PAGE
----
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Archive for the ‘bioengineering’ category: Page 4

Mar 21, 2019

With Launch Of New CRISPR Company, Competition Extends To Diagnostics

Posted by in categories: bioengineering, biotech/medical, space

The gene editing technology CRISPR, which has spawned several startups aiming to use the tool to develop new therapies, is now the inspiration for a new company in a less-crowded space: diagnostic testing.

Sherlock Biosciences is launching in Cambridge, Massachusetts, with $35 million in funding. That includes $17.5 million in the form of a non-dilutive grant from the Open Philanthropy Project, an organization primarily funded by Dustin Moskovitz, the billionaire cofounder of Facebook and Asana, and his spouse, Cari Tuna. The Open Philanthropy Project is also making a separate investment in Sherlock, along with other undisclosed investors. CEO Rahul Dhanda says he’s still raising more funding for the company’s Series A.

One of Sherlock Biosciences’ key technologies comes from the Broad Institute lab of Feng Zhang, who did some of the early work elucidating the DNA-modifying potential of CRISPR and its associated enzymes after their discovery in bacteria.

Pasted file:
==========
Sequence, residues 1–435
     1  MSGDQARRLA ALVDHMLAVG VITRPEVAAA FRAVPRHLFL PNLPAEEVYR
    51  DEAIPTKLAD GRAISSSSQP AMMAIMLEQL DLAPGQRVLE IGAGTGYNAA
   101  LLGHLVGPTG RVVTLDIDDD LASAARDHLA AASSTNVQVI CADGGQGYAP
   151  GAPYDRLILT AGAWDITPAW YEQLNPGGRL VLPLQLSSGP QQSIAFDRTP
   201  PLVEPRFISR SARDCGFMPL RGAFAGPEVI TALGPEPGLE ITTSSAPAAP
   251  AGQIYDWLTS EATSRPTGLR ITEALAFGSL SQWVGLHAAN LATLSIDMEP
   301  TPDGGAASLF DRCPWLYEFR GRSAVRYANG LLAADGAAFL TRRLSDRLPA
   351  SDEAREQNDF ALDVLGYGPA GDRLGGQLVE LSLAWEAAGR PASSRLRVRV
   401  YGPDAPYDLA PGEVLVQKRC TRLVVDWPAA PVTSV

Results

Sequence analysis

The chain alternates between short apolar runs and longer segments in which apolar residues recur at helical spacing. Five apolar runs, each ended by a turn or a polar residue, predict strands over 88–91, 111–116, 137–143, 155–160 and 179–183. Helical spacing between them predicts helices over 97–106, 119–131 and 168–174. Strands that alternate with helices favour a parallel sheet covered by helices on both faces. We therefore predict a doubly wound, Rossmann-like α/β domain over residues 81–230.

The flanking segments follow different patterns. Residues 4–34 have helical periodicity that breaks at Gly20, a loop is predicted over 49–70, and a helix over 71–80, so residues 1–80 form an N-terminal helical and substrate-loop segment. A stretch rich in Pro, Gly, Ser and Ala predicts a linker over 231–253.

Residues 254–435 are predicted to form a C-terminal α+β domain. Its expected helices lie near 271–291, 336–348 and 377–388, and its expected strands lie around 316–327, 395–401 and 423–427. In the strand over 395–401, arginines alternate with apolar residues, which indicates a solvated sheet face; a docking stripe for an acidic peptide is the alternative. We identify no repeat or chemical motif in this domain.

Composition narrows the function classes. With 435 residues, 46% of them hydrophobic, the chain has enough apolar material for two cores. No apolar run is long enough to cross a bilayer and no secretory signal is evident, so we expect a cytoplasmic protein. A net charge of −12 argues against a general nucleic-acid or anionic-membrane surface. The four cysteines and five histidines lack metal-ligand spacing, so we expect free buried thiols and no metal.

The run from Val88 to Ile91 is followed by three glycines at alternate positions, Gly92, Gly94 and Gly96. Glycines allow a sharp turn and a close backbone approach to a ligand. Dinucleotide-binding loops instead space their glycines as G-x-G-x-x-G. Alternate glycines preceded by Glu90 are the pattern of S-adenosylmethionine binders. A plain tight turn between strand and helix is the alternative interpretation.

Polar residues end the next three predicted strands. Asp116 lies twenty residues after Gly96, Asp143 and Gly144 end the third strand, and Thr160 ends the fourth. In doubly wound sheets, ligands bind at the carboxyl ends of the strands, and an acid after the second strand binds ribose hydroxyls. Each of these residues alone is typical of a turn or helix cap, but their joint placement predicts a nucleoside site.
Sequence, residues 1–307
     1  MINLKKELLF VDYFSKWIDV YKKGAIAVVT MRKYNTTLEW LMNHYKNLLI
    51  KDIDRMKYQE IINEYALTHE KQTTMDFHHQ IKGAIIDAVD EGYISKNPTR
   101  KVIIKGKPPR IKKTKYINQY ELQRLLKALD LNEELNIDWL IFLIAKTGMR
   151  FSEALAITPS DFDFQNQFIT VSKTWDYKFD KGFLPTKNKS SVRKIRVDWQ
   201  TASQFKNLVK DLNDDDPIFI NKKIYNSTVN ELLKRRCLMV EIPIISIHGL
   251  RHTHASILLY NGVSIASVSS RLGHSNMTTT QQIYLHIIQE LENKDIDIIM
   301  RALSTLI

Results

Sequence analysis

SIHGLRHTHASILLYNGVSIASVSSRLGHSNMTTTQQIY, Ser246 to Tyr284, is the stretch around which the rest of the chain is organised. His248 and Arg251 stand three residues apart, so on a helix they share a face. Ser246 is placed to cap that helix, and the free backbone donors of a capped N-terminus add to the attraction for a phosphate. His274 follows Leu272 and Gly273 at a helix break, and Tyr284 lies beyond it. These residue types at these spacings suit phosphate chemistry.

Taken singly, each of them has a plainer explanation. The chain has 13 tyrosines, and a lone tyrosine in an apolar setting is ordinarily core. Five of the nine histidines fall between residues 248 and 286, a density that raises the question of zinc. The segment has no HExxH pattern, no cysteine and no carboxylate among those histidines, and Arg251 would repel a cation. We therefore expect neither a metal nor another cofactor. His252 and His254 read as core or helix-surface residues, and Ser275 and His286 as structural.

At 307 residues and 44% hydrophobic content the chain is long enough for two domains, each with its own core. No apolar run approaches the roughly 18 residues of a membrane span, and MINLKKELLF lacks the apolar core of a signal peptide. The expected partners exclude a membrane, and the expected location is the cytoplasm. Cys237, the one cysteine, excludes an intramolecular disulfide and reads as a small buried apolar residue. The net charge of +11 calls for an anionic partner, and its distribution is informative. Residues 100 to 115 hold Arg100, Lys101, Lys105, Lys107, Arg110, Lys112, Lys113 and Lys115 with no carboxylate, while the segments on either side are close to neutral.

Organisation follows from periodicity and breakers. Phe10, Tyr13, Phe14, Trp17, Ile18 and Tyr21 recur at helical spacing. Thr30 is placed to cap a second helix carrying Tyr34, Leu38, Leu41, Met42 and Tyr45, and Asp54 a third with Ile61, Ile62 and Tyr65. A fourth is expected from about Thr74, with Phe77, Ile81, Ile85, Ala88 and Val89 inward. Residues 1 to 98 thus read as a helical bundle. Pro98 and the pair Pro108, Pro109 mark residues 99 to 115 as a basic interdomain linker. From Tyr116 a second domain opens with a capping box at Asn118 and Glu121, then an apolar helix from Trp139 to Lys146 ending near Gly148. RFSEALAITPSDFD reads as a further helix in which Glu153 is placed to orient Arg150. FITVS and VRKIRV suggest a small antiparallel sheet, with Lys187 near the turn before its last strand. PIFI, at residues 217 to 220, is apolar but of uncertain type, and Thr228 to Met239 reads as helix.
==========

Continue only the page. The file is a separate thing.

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Mar 21, 2019

Beyond Metformin For Aging — Jahahreeh Finley — IdeaXme — Ira Pastor

Posted by in categories: aging, bioengineering, biotech/medical, cryonics, futurism, genetics, health, life extension, neuroscience, science

Mar 16, 2019

Would someone who is 80 benefit from SENS therapies or is it too old to rejuvenate them?

Posted by in categories: bioengineering, biotech/medical, life extension

I wonder, if you can turn a 65 year old into a 40 year old, could you not turn around and give that 40 year old another treatment so they rejuvenate to an even younger state?


It is an interesting question because I might be getting near there myself! Anyway, let’s assume we develop sufficiently robust rejuvenation therapies within 20 years that they can effectively reset the clock by say 25 years with the result that a person who is chronologically 65 could be restored to a point where biologically they are 40 it begs the question could an 80 year old be effectively restored to the physiology of a 55 year old? My feeling is that the first generation treatments will in all probability be quite aggressive and invasive involving stem cell therapies, gene therapies and possibly surgical interventions to replace organs created through tissue engineering. So my concern is that whilst a 65 year old or even a fit 70 year old might easily withstand the rigours of these interventions I can’t see this applying to the average person in their 80s, whilst we are not yet at the stage where we have developed all the comprehensive therapies needed we should nevertheless keep in mind we are close and some are already approaching implementation see Suicide of aging cells prolongs life span in mice and also the video below from a few weeks back and it’s clear we are moving fast and might only be 10 to 15 years out if we keep up the current pace.

My concern is that with the senescent cell clearance a large percentage of cells in an 80 year old will be senescent so complete removal were it possible could kill them.